Sperm Test

Semen analysis is also called a sperm test.

For this test a sample of semen is required. This is usually produced by masturbation into a sterile pot. Special semen collection condoms (available from the clinic) can also be used for collecting a sample. Normal condoms should not be used as they contain chemicals to kill sperm. Semen is the fluid ejaculated from the penis when a man has an orgasm. It normally contains both fluid (semen) and sperm. The semen needs to be analysed in the laboratory within one hour of production, otherwise the sperm will begin to die. A sperm test will make sure that sperm are present and will provide details on the swimming ability and structure of the sperm.

Sperm tests should be done in specialised laboratories that contain trained staff using the correct equipment. We will require you to undertake a sperm test in one of our accredited fertility laboratories, as other laboratories cannot provide a complete and accurate assessment. We use the WHO 2010 guidelines to grade the results of the sperm tests as normal or abnormal.

A semen analysis reports on

  • the volume of semen ejaculated. The volume should be between 1.5-6mls. Low volumes are associated with infertility, while high volumes are seen when there are problems with the prostate gland or seminal vesicles.
  • the colour and consistency of the semen. Semen that is very thick (viscous) will often result in lower pregnancy rates. Sometimes many white cells can be seen, suggesting an infection.
  • time to liquefy of the semen. The ejaculated semen is thick, and will turn into a liquid within 10-30 minutes of being produced. If the semen does not liquefy, then the sperm will have difficulty in swimming into the womb.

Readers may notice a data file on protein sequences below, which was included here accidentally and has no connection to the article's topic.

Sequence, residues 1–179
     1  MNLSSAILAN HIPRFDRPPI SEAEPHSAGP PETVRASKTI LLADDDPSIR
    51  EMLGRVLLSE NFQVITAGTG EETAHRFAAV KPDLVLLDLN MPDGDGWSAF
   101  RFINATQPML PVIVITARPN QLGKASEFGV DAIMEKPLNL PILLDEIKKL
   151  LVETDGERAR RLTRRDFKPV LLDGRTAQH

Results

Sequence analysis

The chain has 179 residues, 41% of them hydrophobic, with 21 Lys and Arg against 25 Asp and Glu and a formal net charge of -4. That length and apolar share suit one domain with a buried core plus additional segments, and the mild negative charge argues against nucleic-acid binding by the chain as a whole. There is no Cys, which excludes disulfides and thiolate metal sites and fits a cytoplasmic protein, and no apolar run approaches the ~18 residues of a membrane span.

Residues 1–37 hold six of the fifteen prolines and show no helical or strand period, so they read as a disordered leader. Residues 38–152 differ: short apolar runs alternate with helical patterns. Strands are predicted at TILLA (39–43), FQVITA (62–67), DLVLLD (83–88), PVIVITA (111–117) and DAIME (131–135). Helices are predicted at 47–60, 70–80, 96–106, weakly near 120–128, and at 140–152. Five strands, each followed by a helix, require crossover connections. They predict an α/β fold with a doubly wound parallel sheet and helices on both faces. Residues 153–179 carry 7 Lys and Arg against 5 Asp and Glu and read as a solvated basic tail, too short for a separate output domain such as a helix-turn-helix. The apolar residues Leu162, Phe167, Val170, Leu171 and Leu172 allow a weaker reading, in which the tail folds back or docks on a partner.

• Number of sperm. Both the total number of sperm in the ejaculate, and the concentration of sperm (ie number of sperms per ml of semen) are reported. The lower the numbers of sperm the lower the chance of pregnancy occurring naturally. When no sperm are seen, despite detailed searching, this is called azoospermia. A normal sperm concentration is 20 million sperm/ml of semen or more.
  • the sperm’s ability to swim (motility).  The sperm test result will give you the percentages of sperm that cannot swim, those that can swim around in circles but not move forwards, and those that can move forwards. At least 50% of the sperm should be able to swim in a fast forward direction. When the sperm cannot swim well, fertility rates are low.
  • Morphology or the normal appearing structure and size of sperm is important for healthy sperm to get inside the egg. Specialised miscroscopes are needed to assess this properly. Sperm abnormalities can be seen in the head, mid-piece or tail of the sperm. A large proportion of human sperm are abnormal and a normal result is that 5% or more of the sperm should have normal morphology
  • Sperm antibody testing. This test is performed on sperm to see if they have higher than normal levels of small molecules called antibodies that might block the sperm from being able to get inside an egg.

A blood test to look for genetic causes of sperm problems is also available. This blood test, called a “male reproductive genetic profile” currently reveals a genetic cause for around 5% (1 in 20) men with very low numbers of sperm or absent sperm production. It is believed by researchers around the world that as science discovers more and more about our genetic make-up, a higher proportion of sperm problems will be found to have a genetic cause.